Originally created for Hollywood, Vermeer’s innovative software provides accurate location information without GPS. This allows military drone operators to conduct missions in hostile environments where adversaries jam or otherwise deny traditional GPS. As a participant in the NSIN-supported Air Force Accelerator program and NSIN’s Hacks program, Vermeer connected with leading defense innovation leaders to help the company understand the challenges its technology could fix.

NSIN interviewed CEO Brian Streem as he was overseas integrating his Visual Positioning System, or VPS, onto several drone platforms.


COMPANY: Vermeer


CEO: Brian Streem

NSIN: How does Vermeer’s solution work?

Brian: We call it VPS, or visual position system. Essentially, we take EO [electro optical] and IR [infrared] camera feeds on a drone and stream the feed into a little computer on the platform. We inject our software onto that computer and attach to that computer a little SSD [solid state drive] card that contains a pre-existing 3D terrain map database. As the drone is flying through the environment, the cameras see the environment and, in real time, our software matches what the cameras see to the preloaded 3D terrain map, replacing the need for traditional GPS.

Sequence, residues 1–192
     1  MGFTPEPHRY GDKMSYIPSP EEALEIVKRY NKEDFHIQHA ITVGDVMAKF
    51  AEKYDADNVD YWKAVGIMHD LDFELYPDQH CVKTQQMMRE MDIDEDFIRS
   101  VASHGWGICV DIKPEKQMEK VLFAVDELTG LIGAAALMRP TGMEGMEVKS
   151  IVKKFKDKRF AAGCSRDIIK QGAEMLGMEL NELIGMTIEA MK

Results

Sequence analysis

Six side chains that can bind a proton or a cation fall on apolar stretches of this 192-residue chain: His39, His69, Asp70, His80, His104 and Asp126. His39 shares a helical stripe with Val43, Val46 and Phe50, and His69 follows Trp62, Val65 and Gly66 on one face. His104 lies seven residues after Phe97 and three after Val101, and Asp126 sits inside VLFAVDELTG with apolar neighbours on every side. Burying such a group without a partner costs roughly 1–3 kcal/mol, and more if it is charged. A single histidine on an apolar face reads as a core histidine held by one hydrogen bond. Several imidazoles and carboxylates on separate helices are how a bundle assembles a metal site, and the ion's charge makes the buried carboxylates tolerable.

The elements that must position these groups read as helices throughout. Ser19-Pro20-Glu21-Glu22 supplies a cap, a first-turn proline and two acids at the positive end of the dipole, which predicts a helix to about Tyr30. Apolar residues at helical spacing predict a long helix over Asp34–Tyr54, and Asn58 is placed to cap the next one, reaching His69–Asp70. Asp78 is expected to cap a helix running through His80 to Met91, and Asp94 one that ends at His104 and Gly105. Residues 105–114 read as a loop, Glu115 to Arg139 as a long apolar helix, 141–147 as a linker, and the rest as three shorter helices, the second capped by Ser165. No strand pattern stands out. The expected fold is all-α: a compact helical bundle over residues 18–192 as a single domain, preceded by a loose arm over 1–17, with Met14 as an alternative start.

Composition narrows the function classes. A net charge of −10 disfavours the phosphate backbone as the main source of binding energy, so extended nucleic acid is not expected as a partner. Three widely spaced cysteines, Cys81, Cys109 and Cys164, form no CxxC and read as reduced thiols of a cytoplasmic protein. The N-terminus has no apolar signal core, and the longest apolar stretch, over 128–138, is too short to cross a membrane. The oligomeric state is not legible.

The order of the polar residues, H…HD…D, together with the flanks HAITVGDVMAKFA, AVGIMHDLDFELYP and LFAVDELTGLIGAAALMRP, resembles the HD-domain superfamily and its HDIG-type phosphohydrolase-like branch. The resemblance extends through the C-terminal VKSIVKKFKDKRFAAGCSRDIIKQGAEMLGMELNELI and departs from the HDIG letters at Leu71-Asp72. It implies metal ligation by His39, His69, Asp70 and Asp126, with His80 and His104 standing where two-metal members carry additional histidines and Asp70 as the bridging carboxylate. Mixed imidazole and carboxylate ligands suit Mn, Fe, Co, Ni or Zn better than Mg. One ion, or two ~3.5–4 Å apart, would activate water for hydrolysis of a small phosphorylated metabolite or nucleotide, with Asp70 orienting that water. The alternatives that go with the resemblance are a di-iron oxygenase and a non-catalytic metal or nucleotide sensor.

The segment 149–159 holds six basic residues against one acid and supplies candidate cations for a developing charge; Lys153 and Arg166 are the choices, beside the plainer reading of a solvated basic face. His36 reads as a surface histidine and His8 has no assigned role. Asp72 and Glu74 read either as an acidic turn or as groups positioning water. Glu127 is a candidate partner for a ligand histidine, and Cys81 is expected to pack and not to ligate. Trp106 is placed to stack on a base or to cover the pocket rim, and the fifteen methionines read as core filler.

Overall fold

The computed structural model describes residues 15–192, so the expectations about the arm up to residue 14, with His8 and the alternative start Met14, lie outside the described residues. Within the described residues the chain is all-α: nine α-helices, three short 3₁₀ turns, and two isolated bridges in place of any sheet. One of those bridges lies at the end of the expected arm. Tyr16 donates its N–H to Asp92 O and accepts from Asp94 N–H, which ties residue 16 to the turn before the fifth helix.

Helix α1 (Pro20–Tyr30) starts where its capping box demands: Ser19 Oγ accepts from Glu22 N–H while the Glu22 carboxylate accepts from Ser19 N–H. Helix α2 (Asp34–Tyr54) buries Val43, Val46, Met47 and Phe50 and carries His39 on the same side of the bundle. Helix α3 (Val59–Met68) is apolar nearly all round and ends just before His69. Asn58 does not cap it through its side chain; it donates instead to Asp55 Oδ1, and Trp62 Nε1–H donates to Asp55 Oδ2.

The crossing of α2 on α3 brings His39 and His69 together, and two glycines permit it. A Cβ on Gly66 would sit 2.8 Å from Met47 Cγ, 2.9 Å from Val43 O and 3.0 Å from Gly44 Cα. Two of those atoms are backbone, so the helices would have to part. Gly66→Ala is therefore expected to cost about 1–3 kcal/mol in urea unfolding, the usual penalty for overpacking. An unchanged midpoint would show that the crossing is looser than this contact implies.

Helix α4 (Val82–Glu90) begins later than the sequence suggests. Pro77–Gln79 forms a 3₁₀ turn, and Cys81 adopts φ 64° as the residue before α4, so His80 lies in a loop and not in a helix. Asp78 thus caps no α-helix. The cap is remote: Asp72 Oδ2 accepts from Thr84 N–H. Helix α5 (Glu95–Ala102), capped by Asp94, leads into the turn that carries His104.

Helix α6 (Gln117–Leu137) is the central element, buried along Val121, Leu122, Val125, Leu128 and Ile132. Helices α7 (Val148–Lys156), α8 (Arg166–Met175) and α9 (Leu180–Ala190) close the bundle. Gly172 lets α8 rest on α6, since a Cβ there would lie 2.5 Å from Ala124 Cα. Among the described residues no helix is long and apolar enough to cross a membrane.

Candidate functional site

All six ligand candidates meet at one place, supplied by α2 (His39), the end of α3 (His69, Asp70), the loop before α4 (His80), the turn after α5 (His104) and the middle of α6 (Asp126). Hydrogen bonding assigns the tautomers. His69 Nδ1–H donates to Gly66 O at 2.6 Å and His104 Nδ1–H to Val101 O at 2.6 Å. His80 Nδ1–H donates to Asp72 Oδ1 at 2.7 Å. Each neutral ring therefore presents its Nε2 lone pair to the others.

NSIN: So this system completely bypasses GPS?

Brian: Correct. Our system does not emit or receive any signal, making it totally passive. You can’t spoof it or block it because it does not rely on any kind of transmission or reception. It works during the day, at night, in the snow - we’ve also been [working] on a solution for over the open water navigation and have been getting very good results.

Every unmanned system currently uses GPS. We’ve seen the Russians use satellite dishes where they pump fake GPS noise into the environment, rendering GPS useless. We’ve already seen this in Ukraine. When GPS does not work, you cannot fly drones. Nothing works anymore. It’s a bad problem.

NSIN: How did you come up with this technology?

Brian: My background is really strange. I went to New York University and studied film production. After college, I produced a few independent films and made some movies that went to the Sundance Film Festival.

In 2013, I bought a big, fancy drone from Sweden with the idea of renting it to my Hollywood friends for drone cinematography. Between 2013 and 2017, if you saw a drone shot in a movie or on a show on Netflix or HBO, it was probably my company. We did everything from Steven Spielberg movies, the Fast and the Furious Franchise, and films that went on to win best picture at the Academy Awards.

We soon found that drone cinematographers and movie directors wanted more precise shots from their drone. That led me to building software using computer vision to help them get what they wanted.

NSIN: So how does that lead to working with the Department of Defense?